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Russell Simmons and Rick Rubin Discuss the Importance of Public Enemy

Sep 18, 2014 at 11:02 am |

Public Enemy 2009 VH1 Hip Hop Honors – Peformances

Credits: Stephen Lovekin/Getty Images

Russell Simmons and Rick Rubin appeared on a special edition of Noisey’s Back & Forth series focused on the 30th Anniversary of the legendary Def Jam Recordings. In a four part series the two discuss their experiences on building the worldrenowned Def Jam Record Label. During the interview the two discuss Chuck D’s reluctance to come back to the label for fear that he was too old and couldn’t compete with rapper LL Cool J who was the label’s star at the time. Russell spoke on the groups rise to prominence saying,

“Nothing the fuck else sounded like Public Enemy. Nothing. And Rick recognized that. They were like in a way closest to the gangster group as much as they were to most conscious groups. He was tough and he had reason to be tough. He was rebellious and he had reason to be rebellious. But there were many people upset by certain things that came out of his mouth. And they should have been, because they liked the way shit was. Public Enemy didn’t like the way shit was.”

Russell also touched on Public Enemy’s influence on Black America, saying

“Public Enemy changed everything about Black America. Everything. They made Farrakhan popular. They helped make the Million Man March. They put red, black, and green shit around niggas’ necks instead of chains. They did everything. They were amazing.”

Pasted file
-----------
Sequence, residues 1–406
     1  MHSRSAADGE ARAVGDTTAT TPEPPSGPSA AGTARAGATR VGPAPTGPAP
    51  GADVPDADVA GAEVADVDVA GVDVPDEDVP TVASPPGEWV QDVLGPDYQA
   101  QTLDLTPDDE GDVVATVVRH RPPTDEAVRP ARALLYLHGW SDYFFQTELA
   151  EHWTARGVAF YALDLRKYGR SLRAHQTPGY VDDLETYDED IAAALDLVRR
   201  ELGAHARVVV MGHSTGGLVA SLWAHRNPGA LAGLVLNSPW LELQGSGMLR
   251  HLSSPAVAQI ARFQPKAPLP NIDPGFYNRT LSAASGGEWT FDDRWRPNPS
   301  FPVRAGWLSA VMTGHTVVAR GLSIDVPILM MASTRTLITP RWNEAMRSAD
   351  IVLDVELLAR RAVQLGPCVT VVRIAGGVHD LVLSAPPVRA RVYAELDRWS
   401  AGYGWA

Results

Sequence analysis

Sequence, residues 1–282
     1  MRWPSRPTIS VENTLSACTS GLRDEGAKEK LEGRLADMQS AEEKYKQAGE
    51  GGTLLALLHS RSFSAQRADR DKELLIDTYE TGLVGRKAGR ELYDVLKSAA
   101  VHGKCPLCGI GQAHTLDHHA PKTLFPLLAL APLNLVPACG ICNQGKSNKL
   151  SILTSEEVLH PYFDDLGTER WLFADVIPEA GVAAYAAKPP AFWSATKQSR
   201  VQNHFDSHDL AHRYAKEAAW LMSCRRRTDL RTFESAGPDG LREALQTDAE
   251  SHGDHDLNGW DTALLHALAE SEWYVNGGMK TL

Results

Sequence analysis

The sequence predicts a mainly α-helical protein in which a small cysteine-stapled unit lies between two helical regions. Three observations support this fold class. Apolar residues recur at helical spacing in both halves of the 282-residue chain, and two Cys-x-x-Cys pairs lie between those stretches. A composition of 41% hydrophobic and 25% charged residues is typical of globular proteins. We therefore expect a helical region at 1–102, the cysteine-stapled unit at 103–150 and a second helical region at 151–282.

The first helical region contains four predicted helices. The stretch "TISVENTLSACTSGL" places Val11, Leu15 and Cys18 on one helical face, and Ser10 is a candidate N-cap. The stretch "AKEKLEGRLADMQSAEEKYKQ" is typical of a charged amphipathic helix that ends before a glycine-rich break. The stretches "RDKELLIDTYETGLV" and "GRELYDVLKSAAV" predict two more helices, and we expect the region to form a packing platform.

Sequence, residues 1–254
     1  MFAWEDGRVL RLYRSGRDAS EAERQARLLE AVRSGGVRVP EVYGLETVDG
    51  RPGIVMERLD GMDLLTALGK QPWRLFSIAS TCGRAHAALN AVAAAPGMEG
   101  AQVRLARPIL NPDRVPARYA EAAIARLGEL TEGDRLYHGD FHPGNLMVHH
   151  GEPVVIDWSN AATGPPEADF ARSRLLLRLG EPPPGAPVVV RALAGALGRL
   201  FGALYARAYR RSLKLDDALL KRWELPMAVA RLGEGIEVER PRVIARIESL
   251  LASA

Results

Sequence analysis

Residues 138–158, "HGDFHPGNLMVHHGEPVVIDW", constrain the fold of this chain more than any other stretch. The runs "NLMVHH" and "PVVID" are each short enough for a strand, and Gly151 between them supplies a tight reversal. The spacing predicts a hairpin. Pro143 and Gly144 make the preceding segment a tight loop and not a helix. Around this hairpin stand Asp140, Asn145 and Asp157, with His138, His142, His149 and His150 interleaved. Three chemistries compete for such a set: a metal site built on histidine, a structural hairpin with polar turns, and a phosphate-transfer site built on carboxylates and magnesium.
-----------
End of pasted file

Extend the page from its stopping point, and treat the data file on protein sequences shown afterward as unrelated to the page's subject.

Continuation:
“When Public Enemy’s first album came out on the mixshows, Hip Hop only shows, they would only play the instrumental versions of Public Enemy records,” Rubin recalled. “They would not play the lyrics. They didn’t like his voice. They didn’t like what he had to say. It didn’t fit and they didn’t like that. They wanted it to be more…songs about rims. I always looked at is as counter culture. For me it was like a Black version of Punk Rock. It was bringing music back to the street.”

This month Def Jam celebrates three decades of existence with the anniversary bash, set to take place on October 16th at Barclays Center in Brooklyn. Check out clips of the series below.

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“Public Enemy changed everything about Black America,” said Russell Simmons. “Everything! They made Farrakhan popular”

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